The euro has experienced a significant rally in the past 8 months in this weak USD environment, rising from a low of 1.0640 in mid-March to 1.20 this week, and investors have been wondering how high the EURUSD can rise until we hear a response from EZ policymakers. We do know that central banks do not target exchange rates, but they can influence them through the use of QE programs, and will certainly start to intervene more if the exchange rate appreciates significantly, as a strong currency tends to weigh on both the economic recovery and inflation expectations.

– What should we expect from ECB meeting on Thursday (December 3rd)?

– How much upside is there left on EURUSD?

USD medium-term drivers

1. Real rate differential and “twin deficits” suggest lower US dollar

Over the past few months, investors have become increasingly bearish on the US dollar due to the significant divergence in the annual change in asset growth between developed market central banks and the Fed. While the Fed’s assets have nearly doubled since the start of the year to USD 7.2 trillion, other major central banks such as the ECB or the BoJ have been less aggressive in their intervention and expanded the size of their balance sheets by 45% and 22%, respectively. Figure 1 (left frame) shows that the EURUSD exchange rate has strongly co-moved with the central banks’ asset growth in the past 12 years, and that the massive rise in Fed’s assets relative to the ECB is therefore pricing in a stronger euro.

Another important driver of currencies in the medium term is the real interest rate differential. Figure 1 (right frame) shows that the fall in US real yields in the past year has eventually weighed on the US dollar in the past 8 months; US 2Y real yield has been falling since the end of 2018 at a much faster pace than the rest of major economies (G3: Euro, UK and Japan), bringing the 2Y interest rate differential from over 2% to -1.1% in the past two years.

Figure 1

Source: Eikon Reuters, RR calculations

One important chart that also supports the bearish USD narrative is that of the US “twin” deficits (fiscal and current account), which has historically acted as a strong 15-month lead of the USD index, as we can see in Figure 2 (higher twin deficits generally lead to a weaker USD). The constant deterioration of the US twin deficits over the past few years amid the significant increase in government spending should lead to a gradual depreciation of the US dollar in the coming 2 years.

Figure 2

Source: Eikon Reuters, RR calculations

2. But demand for safe haven may benefit USD reserve status

While the main drivers of the US dollar in the medium term imply further weakness in the USD in the medium term, demand for the world currency tends to rise when volatility surges, which implies that investors are still looking at the USD as a “risk-off” currency in periods of high uncertainty. Figure 3 (left frame) represents the “USD smile theory”; the dollar generally tends to depreciate when US growth slows relative to the rest of the World and when the Fed eases aggressively, but then regain power when global growth slows and uncertainty rises as the risk appetite for risky assets falls and investors rush for safe havens (JPY, US Treasuries, Gold and USD).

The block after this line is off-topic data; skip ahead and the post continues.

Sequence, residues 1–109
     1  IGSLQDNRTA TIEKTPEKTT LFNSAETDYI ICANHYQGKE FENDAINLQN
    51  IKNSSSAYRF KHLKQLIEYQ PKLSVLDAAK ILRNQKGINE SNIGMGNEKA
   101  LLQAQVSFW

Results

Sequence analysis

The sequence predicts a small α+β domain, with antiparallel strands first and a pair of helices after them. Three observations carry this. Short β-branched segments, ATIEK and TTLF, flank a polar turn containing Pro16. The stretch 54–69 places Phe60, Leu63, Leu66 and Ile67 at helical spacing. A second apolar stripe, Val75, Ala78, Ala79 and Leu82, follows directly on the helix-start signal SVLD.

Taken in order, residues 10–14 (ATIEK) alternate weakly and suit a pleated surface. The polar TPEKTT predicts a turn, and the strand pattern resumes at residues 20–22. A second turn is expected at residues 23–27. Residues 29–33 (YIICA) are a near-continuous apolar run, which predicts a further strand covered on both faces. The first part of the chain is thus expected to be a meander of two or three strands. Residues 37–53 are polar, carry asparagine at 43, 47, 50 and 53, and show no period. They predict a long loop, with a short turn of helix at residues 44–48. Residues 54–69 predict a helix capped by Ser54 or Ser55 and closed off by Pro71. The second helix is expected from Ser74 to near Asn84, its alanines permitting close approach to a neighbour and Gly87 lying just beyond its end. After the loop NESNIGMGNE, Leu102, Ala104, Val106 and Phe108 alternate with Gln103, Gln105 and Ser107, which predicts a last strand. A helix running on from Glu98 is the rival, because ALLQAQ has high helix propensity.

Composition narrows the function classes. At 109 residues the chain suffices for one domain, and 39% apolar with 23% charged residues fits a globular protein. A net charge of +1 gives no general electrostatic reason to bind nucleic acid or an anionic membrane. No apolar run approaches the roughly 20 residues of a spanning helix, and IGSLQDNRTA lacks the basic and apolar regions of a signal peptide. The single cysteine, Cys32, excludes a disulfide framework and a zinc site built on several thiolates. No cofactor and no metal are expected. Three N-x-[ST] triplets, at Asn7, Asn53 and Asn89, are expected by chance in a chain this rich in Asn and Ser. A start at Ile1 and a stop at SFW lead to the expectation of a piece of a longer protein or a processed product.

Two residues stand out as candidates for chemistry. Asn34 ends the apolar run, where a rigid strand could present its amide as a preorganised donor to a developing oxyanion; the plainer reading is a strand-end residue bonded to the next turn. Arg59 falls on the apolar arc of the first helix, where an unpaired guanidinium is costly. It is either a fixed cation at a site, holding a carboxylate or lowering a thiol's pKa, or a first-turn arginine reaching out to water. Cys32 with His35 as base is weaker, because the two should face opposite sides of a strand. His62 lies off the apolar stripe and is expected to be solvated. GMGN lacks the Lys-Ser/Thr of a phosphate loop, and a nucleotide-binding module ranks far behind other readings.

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With most of the European economies under national lockdown (which is also expected to be announced in the US), global growth is expected to dramatically weaken this winter, which should increase political and economic uncertainty and therefore limit the downside risk on the US dollar. Figure 3 (right frame) shows the strong relationship between the EPU index, which is a measure of economic uncertainty based on newspaper coverage frequency, and the Broad USD index (NEER); higher uncertainty has led to a stronger USD in the past 25 years.

Figure 3

Source: Eikon Reuters

The euro also tends to perform relatively poorly against the US dollar in high-volatility regimes. Figure 4 shows the monthly average performance of the most liquid currencies relative to the dollar when the VIX rises above 20 in the past 30 years; as expected, the yen is the currency that benefits the most when price volatility rises, averaging 45bps in monthly returns. On the other hand, investors do not seem to view the euro as a refuge currency, with EURUSD averaging -4bps in monthly returns when the VIX rises.

Figure 4

Source: Eikon Reuters, RR calculations

Euro strength: a quandary for the ECB

1. A stronger euro weighs on the economic activity and inflation

Despite the significant rise in EURUSD since March, the ECB’s Governing Council left all policy parameters unchanged at the October meeting (in line with expectations). However, we think that with the euro slowly approaching a key resistance at 1.25 (Figure 5, left frame), the ECB will be forced to react. A strong euro left unchecked would impact the economic “recovery” and weigh on inflation expectations. While exchange rate targeting remains outside the official mandate of the ECB, they can influence them through the use of unconventional monetary policies.

Thus, we think that the upside gain is limited and that the risk-reward for the single currency is more skewed to the downside. In addition, Figure 5 (right frame) shows that inflation measures have been constantly falling in recent years and currently stand well below the ECB’s 2 percent target. We observe that core CPI has remained below 2 percent since the start of 2003 and has been oscillating around 1 percent for the duration of the past cycle (excluding the COVID-19 shock). In his last few speeches at the ECB, former President Mario Draghi mentioned many times that policymakers will not accept an inflation rate at around 1 percent and the Governing Council was going to do “whatever it takes” to lift inflation expectations. Hence, it is clear that Euro policymakers will not accept a EURUSD exchange above 1.25, and one efficient way to weaken the single currency in the medium term would be to surprise the market by increasing the current pace of asset purchases (QE).

Figure 5

Source: Eikon Reuters

2. EURUSD moves before and after ECB meeting

In this section, we look at the average cumulative returns of EURUSD 5 days prior and 10 days after the ECB meeting in the past 5 years. Figure 6 (left frame) shows that EURUSD has generally trended higher in the past few years, averaging up to 0.2% in cumulative returns in the week following ECB meetings.